A decent gaming headset that doesn’t break the bank is a big ask nowadays, and with so many options out there to choose from it gets pretty tricky finding a good, solid all-rounder that won’t let you down mid-match. Is the Sennheiser GSP 370 Wireless Gaming Headset for PC, Mac, and Sony PlayStation 4 going to tick all your boxes?
If quality, dependability and comfort are at the top of your list when it comes to gaming headsets, then the Sennheiser GSP 370 might be for you.
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Straight out of the box this is a headset that screams quality, and it’s clearly been designed with longevity in mind. The headset features memory foam ear cushions and has a padded headband that allows for maximum comfort. I trialled out the comfort level of the set by wearing it for about eight hours straight. As a person with various ear piercings, it’s pretty hard to find a headset that I can comfortably wear for more than an hour or so, but even after a full nine-to-five with this baby I had absolutely no discomfort whatsoever.
As far as I’m aware, I don’t have an excessively large (or small) face so I can’t really speak to Sennheiser’s claim that the GSP 370’s ball-joint hinge “automatically angles the ear cups to suit the shape of your face.” I can say, however, that the over-ear cups sit completely over my ears without any overlap or the dreaded ear-squishing that we gamers live in fear of. Can you wear the GSP 370 for a long, long, long gaming session comfortably? Absolutely.
Design-wise, the headset features that chunky and oversized look that’s seemingly the trend right now. It’s a look and I like it, but it’s not for everyone.
Volume is adjusted with a scroll wheel on the right ear cup. Although really easy to use, it’s almost too easy, and I often found myself knocking it and adjusting the volume accidentally.
The microphone makes use of a rubberised arm for added flexibility, and the headset itself can be extended with a click mechanism. It’s simple, it’s effective and it works very smoothly. The headset has an over-all sleek and classic look that feels luxurious and definitely on the higher-end of the spectrum.
One of the features of the GSP 370 that I was most keen to give a run for its money was its battery life. According to Sennheiser, the GSP 370 can offer “exceptional sound quality for up to 100 hours,” which is one heck of a bold claim.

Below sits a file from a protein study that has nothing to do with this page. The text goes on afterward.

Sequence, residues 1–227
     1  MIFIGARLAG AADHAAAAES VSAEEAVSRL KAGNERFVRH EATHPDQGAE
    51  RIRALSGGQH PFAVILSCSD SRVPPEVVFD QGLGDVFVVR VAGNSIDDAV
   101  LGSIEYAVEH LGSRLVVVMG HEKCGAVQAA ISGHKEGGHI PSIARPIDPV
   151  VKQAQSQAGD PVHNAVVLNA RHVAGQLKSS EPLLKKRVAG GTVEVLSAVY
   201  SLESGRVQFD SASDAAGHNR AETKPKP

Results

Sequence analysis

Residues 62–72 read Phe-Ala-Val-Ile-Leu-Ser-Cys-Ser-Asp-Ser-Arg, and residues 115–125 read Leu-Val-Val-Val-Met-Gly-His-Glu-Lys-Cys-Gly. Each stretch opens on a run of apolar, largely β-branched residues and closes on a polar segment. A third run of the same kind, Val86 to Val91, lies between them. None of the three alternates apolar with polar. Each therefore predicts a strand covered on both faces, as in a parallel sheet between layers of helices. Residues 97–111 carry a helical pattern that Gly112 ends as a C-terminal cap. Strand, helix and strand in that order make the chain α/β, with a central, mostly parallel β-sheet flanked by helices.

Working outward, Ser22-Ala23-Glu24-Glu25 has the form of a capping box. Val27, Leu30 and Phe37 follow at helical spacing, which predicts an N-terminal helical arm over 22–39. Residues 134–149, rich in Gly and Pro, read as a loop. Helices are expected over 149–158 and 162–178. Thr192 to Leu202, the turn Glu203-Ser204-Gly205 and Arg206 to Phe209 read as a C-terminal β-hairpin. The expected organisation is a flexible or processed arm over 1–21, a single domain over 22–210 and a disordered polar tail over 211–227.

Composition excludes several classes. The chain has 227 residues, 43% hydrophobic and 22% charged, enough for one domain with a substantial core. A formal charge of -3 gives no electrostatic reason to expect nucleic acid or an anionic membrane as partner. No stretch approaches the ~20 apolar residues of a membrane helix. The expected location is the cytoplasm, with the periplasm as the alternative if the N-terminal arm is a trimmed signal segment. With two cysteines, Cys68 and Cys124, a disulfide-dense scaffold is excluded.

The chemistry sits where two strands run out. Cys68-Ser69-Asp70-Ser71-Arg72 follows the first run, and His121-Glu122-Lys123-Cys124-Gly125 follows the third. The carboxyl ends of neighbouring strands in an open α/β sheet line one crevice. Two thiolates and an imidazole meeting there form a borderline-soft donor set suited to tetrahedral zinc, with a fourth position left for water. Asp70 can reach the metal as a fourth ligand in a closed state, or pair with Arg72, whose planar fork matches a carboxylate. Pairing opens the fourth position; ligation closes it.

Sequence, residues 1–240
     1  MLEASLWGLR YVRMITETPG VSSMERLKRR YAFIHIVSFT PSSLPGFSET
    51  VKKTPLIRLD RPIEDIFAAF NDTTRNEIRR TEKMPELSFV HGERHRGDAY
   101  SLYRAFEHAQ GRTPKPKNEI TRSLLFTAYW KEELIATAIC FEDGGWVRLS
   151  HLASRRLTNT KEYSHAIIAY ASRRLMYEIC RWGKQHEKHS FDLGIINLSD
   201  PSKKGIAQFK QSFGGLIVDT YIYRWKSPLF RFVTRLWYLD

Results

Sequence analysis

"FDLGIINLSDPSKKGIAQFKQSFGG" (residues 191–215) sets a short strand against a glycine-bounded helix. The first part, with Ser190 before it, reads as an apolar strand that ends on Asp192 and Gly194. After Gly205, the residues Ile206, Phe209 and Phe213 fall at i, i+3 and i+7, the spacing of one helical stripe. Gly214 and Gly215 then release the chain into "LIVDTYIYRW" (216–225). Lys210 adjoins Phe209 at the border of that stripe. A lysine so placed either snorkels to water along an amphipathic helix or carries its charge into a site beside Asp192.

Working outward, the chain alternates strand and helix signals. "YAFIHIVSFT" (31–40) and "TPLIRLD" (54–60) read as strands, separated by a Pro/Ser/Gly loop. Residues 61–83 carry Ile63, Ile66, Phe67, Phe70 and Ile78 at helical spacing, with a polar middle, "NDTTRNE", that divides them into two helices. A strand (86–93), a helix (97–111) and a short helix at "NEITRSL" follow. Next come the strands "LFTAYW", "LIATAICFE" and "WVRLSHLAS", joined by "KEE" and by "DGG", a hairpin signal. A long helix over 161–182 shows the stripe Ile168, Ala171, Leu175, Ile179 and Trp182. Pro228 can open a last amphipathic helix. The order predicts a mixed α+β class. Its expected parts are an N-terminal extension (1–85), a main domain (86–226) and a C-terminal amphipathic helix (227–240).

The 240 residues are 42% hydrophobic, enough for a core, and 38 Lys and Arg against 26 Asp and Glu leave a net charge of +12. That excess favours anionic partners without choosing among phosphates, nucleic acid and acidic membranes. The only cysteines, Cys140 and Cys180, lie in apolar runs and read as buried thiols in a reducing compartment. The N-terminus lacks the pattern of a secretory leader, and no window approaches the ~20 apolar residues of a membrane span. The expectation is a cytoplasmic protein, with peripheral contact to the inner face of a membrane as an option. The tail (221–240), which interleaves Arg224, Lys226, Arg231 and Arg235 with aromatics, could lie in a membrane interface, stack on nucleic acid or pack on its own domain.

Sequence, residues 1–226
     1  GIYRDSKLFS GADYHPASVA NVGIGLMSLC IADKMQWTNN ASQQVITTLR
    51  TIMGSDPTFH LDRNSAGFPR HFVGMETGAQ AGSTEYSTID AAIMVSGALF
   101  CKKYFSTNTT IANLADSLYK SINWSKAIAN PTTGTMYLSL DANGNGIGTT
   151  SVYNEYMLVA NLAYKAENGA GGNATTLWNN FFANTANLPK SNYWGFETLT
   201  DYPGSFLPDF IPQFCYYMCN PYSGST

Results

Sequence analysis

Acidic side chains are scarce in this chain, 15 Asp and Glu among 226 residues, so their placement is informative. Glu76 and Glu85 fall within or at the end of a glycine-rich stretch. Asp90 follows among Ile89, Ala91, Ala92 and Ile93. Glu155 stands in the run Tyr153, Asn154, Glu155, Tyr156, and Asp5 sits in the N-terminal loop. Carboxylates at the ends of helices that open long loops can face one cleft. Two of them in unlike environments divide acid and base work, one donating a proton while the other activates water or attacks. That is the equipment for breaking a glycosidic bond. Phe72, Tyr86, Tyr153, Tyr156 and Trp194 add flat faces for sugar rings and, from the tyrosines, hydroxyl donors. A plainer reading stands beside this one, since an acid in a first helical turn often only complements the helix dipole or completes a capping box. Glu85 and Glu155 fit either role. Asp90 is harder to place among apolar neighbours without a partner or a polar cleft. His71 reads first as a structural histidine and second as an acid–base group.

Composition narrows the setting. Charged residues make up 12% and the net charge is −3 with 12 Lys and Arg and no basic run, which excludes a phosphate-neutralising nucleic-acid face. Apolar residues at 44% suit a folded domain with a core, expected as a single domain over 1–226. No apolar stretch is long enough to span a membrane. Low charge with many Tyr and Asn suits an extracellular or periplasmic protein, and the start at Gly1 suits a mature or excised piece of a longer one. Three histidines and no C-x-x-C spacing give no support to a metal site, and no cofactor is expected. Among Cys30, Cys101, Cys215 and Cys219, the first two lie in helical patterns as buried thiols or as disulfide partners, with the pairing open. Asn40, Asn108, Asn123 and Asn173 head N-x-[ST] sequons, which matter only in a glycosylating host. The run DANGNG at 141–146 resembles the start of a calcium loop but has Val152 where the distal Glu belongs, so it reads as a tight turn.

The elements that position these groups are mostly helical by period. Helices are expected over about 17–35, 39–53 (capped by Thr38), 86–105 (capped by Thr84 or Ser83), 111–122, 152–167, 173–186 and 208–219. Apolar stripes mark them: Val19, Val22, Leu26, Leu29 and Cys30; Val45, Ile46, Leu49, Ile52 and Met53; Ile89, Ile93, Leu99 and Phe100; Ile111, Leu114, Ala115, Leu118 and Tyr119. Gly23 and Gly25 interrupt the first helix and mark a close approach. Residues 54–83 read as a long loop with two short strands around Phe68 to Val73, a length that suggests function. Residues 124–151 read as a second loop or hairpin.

Now, I’m going to be honest here, I sadly didn’t manage to find 100 hours of spare time to dedicate to gaming. What I can say is that I racked up at least 40 hours of use over the course of this review, and that’s with using the GSP 370 straight out of the box without a single charge. When I received the headset I was told it’d have “around 50%” charge as packaged, so it’s a pretty safe bet to say that 100 hours of use on just one charge is more than plausible. That’s another big tick for Sennheiser if you want a wireless headset that’s going to last for as long as you are.
There is one irritating thing about this headset when it comes to charging it though: the GSP 370 uses a micro-USB. My household is almost entirely USB-C now, and even though a micro-USB cable came included with the headset, it’s just another annoying wire to have to keep to hand. (For those planning to use the GSP 370 with their PlayStation 4 it’s less of an issue, because your DualShock 4 uses a micro-USB too).
When it comes to going wireless there are a few different options you have for headsets, but the Sennheiser GSP 370 opts to connect to your PlayStation 4, PC or Mac via a dongle connection. By choosing this method of connection rather than Bluetooth, Sennheiser promises a “reliable transmission with near-zero delay.” Testing out the latency with some Call of Duty: Modern Warfare on the PS4, I didn’t notice any issues with lag whatsoever. It was an easy, seamless and thoroughly enjoyable experience. If you’re an FPS gamer this headset isn’t going to let you down in that department.